The two of them worked together three or four times a week for five months, with Robbie supplementing with another trainer in between.

"I felt very lucky that she had that kind of talent where she could really absorb all of our lessons, and then she could visualize them when she wasn’t on the ice," Kawahara explains. "I made videos for her, and she studied. She went home for Christmas and I set her up with another coach to keep those sentences of choreography alive in her body. She was very, very invested in learning to skate. Truly, I’ve worked with a lot of skaters over the years and I’ve worked with quite a few actors, and I would say she was one of my best students ever. I always said to her, ‘You know, if you’d started earlier, you could have actually been a skater.' It was a surprise to me how well she took to it, and how hard she worked at it. Most importantly, how hard she worked at it."


A little bit of computer magic and two professional skating doubles were used for big moves like the triple jumps and fast spins, but according to Kawahara, Margot did A LOT of the skating herself. "It was amazing," she says. "I taught her five different routines. The dance work and the choreography is all really her; she really did it on the ice."


Pretty incredible!

I have to imagine some pretty nasty falls took place while Kawahara was teaching Robbie how to crush these kinds of moves, and the choreographer did recall one time the actress landed on her butt while trying to master a high kick. "It happens to everybody," she says. "When you learn to skate, you fall. It comes with the territory. But you have to get up. You have to bounce back and get up and try again. [Robbie] got into that skater mentality. There wasn’t really anything that she said, 'No, I can’t do that,' or 'I don’t want to do that.' That never came into her vocabulary at all, and it was really delightful, because a lot of it is about attitude and how you embrace your situation, and she really did embrace it."

Speaking of embracing it, I couldn't wait to get the 411 on how Robbie was able to nail Harding's reaction to landing that legendary triple axel during the 1991 U.S. Figure Skating Championships.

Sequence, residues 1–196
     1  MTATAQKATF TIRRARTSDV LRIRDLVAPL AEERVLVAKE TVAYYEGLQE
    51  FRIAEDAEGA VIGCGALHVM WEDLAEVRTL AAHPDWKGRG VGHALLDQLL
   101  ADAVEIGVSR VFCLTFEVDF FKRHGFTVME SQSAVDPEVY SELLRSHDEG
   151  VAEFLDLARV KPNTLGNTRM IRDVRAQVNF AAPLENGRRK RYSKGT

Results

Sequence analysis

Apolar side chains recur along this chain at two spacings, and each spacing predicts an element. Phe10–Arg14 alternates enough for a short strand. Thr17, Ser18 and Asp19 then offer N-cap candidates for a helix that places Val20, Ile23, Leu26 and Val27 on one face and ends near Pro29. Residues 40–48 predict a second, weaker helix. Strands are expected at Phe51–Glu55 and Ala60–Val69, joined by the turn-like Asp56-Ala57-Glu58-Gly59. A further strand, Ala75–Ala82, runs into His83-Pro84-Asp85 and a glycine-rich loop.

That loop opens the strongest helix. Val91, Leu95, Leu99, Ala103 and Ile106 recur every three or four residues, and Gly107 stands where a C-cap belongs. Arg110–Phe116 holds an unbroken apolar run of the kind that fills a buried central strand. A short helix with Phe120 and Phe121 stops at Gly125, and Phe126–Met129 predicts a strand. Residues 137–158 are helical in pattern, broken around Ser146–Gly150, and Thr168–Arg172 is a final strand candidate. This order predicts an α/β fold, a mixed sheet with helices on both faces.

"It was PERFECT!" Kawahara says. "We practiced that really from almost day one or day two. Because when you land a jump, you’re landing backward, and then you turn forwards. And you have that ebullient moment as you turn forward. It was at first daunting, the idea of turning 180 degrees from back to front, and skating forward and then expressing your emotions. So I figured out a way that she could turn forward on a 90-degree angle, and if I turned her forward on a 90-degree angle, I could get the power and expression from her. That was a nice little trick that I found working with her. So we really practiced the landing of the triple axel, and then the moment of exhilaration after — which became the poster!"


So cool. And apparently, even Tonya Harding herself thought so. Kawahara had met Harding back in the '90s, during the time of the infamous Kerrigan incident, and later, when the skater guest-starred on her "Champions on Ice" show. But the two hadn't re-met, so to speak, until the opening of the film.

"She was very sweet — she told me she thought I did a good job," Kawahara recalls. "And she was happy to see her skating represented so well. I had great doubles — her jumps were represented spot on. I'm very proud of that."


I, Tonya is now available on both Digital and Blu-ray.

Victoria Warnken/Elite Daily